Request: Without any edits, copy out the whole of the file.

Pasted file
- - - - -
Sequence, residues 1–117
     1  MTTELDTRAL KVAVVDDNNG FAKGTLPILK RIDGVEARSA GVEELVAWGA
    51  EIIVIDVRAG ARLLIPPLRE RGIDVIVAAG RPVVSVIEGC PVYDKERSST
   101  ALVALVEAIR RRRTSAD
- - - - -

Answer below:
Sequence, residues 1–117
     1  MTTELDTRAL KVAVVDDNNG FAKGTLPILK RIDGVEARSA GVEELVAWGA
    51  EIIVIDVRAG ARLLIPPLRE RGIDVIVAAG RPVVSVIEGC PVYDKERSST
   101  ALVALVEAIR RRRTSAD